Jason Ankeny, Rovi
Born James Muary Henson on September 24, 1936, in Greenville, MS, Henson was infatuated with such people/puppet TV shows as Edgar Bergen and Charlie McCarthy, Burr Tillstrom's Kukla, Fran and Ollie, and puppeteers Bil and Cora Baird. As a high school senior, Henson hosted a local TV show on a Maryland station. While at the University of Maryland, he met his future wife, Jane Nebel, while working on the kids show Sam and Friends for Washington's WRC-TV. During the late '50s through the early '60s, Henson's Muppets (a contraction of the words marionettes and puppets) were featured in TV commercials (Maxwell House coffee), The Ed Sullivan Show, The Perry Como Show, The Jimmy Dean Show, and The Tonight Show, and The Jack Parr Show. In 1965, Henson produced an Oscar-nominated short film, Time Piece.
Around 1967, Henson became involved with The Children's Television Workshop (CTW). In the fall of 1969, the CTW production of Sesame Street premiered on PBS. A dazzling combination of sight and sound that entertained as well as educated, a huge part of the success of the show were Henson's Muppet characters: Big Bird, Cookie Monster, Bert & Ernie, Grover, and Oscar the Grouch. The show was a merchandising bonanza with the Muppets appearing on just about any product imaginable.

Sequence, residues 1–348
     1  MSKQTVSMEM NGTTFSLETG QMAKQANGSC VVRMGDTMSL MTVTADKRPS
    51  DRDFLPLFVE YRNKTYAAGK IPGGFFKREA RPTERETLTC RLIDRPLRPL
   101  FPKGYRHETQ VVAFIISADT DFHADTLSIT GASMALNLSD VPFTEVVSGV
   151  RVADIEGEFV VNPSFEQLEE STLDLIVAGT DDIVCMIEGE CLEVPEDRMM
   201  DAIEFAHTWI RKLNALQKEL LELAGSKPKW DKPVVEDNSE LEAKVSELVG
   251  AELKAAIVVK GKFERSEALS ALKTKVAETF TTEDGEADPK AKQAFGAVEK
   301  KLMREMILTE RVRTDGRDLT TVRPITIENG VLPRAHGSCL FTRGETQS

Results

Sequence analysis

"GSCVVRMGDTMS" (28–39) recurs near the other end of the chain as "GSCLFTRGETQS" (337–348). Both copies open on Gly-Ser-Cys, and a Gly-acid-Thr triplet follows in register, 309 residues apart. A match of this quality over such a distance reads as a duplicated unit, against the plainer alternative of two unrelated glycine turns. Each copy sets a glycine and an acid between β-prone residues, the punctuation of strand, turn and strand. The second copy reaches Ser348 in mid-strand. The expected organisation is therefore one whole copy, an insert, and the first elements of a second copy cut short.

One of the show's skits involved one little Muppet in a bathtub serenading his prized toy Rubber Duckie. The popularity of the song led to its being released as a Columbia Records single. Written by Jeffrey Moss, "Rubbie Duckie" was a number 12 pop hit on Billboard's charts in September 1970. On the flip side was the theme song from Sesame Street.
On May 16, 1990, Jim Henson passed away of complications from streptococcus pneumonia in a New York hospital at the age of 53.
Ed Hogan, Rovi